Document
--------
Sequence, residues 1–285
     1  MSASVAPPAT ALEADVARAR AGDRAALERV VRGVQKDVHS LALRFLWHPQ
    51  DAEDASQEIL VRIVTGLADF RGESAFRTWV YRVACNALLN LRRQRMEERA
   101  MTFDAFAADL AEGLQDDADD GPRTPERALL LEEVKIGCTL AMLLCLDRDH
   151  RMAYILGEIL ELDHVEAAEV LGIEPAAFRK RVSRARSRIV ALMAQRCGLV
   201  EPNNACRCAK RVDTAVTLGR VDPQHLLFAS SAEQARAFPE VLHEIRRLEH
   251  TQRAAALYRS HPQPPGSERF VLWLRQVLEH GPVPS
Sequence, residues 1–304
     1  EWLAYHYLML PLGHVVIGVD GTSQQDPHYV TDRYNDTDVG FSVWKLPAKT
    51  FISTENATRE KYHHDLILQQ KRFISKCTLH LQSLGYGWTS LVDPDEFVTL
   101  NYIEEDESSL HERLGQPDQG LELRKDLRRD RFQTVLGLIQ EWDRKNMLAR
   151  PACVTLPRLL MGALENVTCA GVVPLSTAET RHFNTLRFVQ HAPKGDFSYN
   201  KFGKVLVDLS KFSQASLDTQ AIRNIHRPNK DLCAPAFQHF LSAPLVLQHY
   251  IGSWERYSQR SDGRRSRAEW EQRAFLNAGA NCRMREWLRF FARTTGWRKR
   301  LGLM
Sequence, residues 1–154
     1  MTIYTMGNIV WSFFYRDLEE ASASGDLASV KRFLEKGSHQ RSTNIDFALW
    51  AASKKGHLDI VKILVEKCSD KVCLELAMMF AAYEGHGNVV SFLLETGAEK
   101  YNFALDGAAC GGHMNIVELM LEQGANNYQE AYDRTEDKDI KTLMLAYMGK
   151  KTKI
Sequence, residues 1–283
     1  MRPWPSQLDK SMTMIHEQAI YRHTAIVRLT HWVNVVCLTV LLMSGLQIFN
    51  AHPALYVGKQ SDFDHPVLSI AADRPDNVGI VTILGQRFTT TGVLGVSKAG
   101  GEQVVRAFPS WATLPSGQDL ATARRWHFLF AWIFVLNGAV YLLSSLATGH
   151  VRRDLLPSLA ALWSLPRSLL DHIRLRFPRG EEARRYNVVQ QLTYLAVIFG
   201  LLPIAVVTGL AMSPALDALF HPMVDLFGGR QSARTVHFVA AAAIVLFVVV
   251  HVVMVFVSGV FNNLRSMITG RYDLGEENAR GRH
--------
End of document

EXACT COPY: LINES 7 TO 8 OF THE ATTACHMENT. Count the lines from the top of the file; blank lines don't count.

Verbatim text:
   251  TQRAAALYRS HPQPPGSERF VLWLRQVLEH GPVPS
Sequence, residues 1–304